Brussels Low Emission Zone (LEZ) will be expanded to include the banning of Euro4 diesel vehicles in order to reduce air pollution starting from 1 January 2022.
This means that cars, vans, buses and minibuses approved under Euro 4 standards, which dictate what is acceptable in terms of vehicle emissions, will no longer be able to circulate within the LEZ, which covers the 19 Brussels municipalities.
“Air pollution causes 9,380 premature deaths per year in Belgium. The LEZ will now enter a new phase: from 2022 onwards, no diesel vehicles with Euronorm 4 can circulate in Brussels,” Brussels Environment, which will launch a campaign to raise awareness of this change, said on Twitter.
📢#Luchtvervuiling veroorzaakt in België 9.380 voortijdige overlijdens/ jaar. De #LEZ zal een nieuwe fase ingaan. Vanaf 2022 mogen er in #Brussel geen #dieselvoertuigen met euronorm 4 meer rondrijden. #LeefmilieuBrussel lanceert een informatiecampagne.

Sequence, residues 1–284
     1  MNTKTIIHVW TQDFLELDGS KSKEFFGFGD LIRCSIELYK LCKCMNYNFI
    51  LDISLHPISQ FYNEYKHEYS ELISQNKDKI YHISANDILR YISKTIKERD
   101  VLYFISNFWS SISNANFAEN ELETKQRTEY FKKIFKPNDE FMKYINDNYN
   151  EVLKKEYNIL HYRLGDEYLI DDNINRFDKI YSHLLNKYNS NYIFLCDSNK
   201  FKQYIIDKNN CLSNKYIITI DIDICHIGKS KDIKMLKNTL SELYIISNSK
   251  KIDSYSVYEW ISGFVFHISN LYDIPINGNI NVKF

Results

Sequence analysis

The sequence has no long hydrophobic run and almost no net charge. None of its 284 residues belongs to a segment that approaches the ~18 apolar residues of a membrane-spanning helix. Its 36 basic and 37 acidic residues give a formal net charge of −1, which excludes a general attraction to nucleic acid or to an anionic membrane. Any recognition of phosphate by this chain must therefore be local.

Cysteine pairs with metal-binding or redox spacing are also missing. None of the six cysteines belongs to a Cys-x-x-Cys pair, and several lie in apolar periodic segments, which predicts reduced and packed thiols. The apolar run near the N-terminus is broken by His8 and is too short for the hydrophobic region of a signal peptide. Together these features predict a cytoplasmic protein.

— Bruxelles Environnement – Leefmilieu Brussel (@BruxellesEnv) May 17, 2021
The organisation emphasised that this is “an important step”, as Euro 4 is the last generation of vehicles that do not have to be fitted with a particle filter, meaning they pollute more than the others.
Following 1 January next year, there will be a transition period of three months until 1 April 2022 for people to adapt to the new ruling, after which drivers who fail to comply will be fined €350.
In 2019, it was estimated that there were roughly 750,000 Euro 4 diesel cars still registered in Belgium.
The LEZ, which was first instated in 2018, has resulted in annual concentrations of nitrogen dioxide (NO2) decreasing by 10% on average at all measuring stations in the Region between 2018 and 2019, according to Brussels Environment.
Brussels has the eighth highest count of nitrogen dioxide-related premature deaths among a thousand European cities, according to a recent study by the Barcelona Institute for Global Health (ISGlobal), which found that nearly 530 premature deaths could be avoided each year in Brussels if NO2 levels were similar to those in the cleanest European cities.
The organisation’s campaign focuses on the link between air quality and health, but also on walking, cycling, cargo bikes, public transport, and car-sharing as alternatives to a private car for getting around in Brussels.